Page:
Cut Off

Canada's Indigenous communities face a clean drinking water crisis

These People Haven’t Had Clean Water to Drink for 20 Years in Canada

Reporters fired questions at Canada’s minister for natural resources, but as he walked across the iceless hockey arena, Greg Rickford ignored them.

Instead he strode to his wife and kids and picked up one of his young children, who let out a wail in front of the cameras.

“You’re scaring my children, if you don’t mind,” Rickford scolded the media.

In June, about 70 residents young and old gathered in the arena in Shoal Lake 40, a First Nation that sits on an island on the Ontario-Manitoba border, to hear a highly anticipated announcement from three levels of government. They hoped Rickford would announce funding for an access road to the mainland, called Freedom Road, which would make it cheaper and easier for the community to build a desperately-needed water treatment plant.

Shoal Lake 40, a community of about 250 people, relies on bottled water deliveries. For the last 17 years, they have been under a boil water advisory.

Another Ontario First Nation, Neskantaga, has a water treatment plant, but it stopped working in 1995, two years after it was built. The community has been on a boil water advisory for 20 years.

Canada has 7 percent of the world’s renewable fresh water, yet many First Nations live as second-class citizens with no access to clean tap water. As of July 2015, 93 First Nations across Canada had a total of 133 drinking water advisories, some of them for two decades. That number doesn’t include the 25 other First Nations in British Columbia who are also under boil water advisories. In Shoal Lake 40, there’s a dark irony to the crisis: They are surrounded by fresh water they can’t drink.

Ahead of the Canadian election on Oct. 19, First Nations have become increasingly vocal about the issue, holding ‘water walks’ that raise awareness of the plight, hosting fundraising campaigns, and leveraging natural resources in the fight for clean water.

Shoal Lake 40’s water problem began more than 100 years ago. In 1914, the City of Winnipeg dug a canal and built an intake pipe to redirect the water from Shoal Lake 40 to the city. The water destined for Winnipeg is treated and cleaned for city residents, but the water for Shoal Lake 40 residents is not.

Last spring the situation became more desperate. Chief Erwin Redskydeclared a state of emergency when the island reserve’s only lifeline to the mainland, a beaten-up barge, broke down, and bottled water deliveries stopped.

Chief Redsky has focused the community’s efforts on building Freedom Road, which would cost $30 million — a price-tag Shoal Lake 40 has asked three levels of government to split evenly.

In the Shoal Lake 40 arena in June, Winnipeg’s deputy mayor Mike Pagtakhan and Manitoba’s Municipal Government Minister Drew Caldwell each promised $1 million toward the road design, and committed in principle to fund its construction. But Rickford’s announcement wasn’t what the community had hoped.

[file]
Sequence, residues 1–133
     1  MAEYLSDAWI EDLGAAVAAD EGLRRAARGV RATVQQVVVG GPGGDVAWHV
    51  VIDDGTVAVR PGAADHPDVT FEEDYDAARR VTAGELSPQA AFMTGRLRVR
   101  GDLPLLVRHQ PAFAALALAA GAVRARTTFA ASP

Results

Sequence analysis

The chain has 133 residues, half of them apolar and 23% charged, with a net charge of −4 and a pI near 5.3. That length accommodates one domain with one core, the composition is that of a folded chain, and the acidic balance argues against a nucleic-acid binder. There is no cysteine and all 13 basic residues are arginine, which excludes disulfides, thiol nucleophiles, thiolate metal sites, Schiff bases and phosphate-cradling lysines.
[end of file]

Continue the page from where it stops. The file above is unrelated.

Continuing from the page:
“The Government of Canada will invest $1 million dollars in support of the design — not the study, not the proposal, but the technical design of the Freedom Road,” he told them.

“This is the basis for establishing the cost associated with the construction of the project, and once those costs are determined the discussion regarding the funding of that road can take place,” he added.

After his announcement, a construction worker who took a break from building Freedom Road to hear the announcement told VICE News that Rickford’s words were “a slap in the face.”

It was a re-announcement of a previous commitment, with no promise in principle to fund the road, Chief Redsky said.

“Our people need an answer today,” resident Stewart Redsky sobbed over the loudspeaker as children stood behind him holding neon signs with the words Freedom Road. “Our people deserve an answer today.”

Reporters questioned Rickford following his announcement, but he would not commit to funding the road.

Unlike Shoal Lake 40, Neskantaga, an isolated fly-in reserve surrounded by lakes in Northern Ontario, has a water treatment plant. Built in 1993, it stopped working two years after it was built.

Residents rely on bottled water flown in by supply plane and delivered by truck. Three years ago, the federal government also supplied them with a reverse osmosis filtration system that requires them to travel by foot or vehicle to fill jugs and buckets with water for their homes.

If residents run out of water, they drink the tap water, despite the water advisories.

If Neskantaga teenager Charla Moonias washes her hands or showers too often, her skin reacts badly and little bumps appear. Her skin cleared up when she moved away three years ago.

“I ran out of water last week and I had friends over, and it’s like, ‘I’m thirsty, I’m thirsty,'” Charla Moonias said.

“I’m sorry, I don’t have any water,” she told them, so they drank the tap water.

Photo of sores that residents of Neskantaga believe are caused by bathing in untreated water.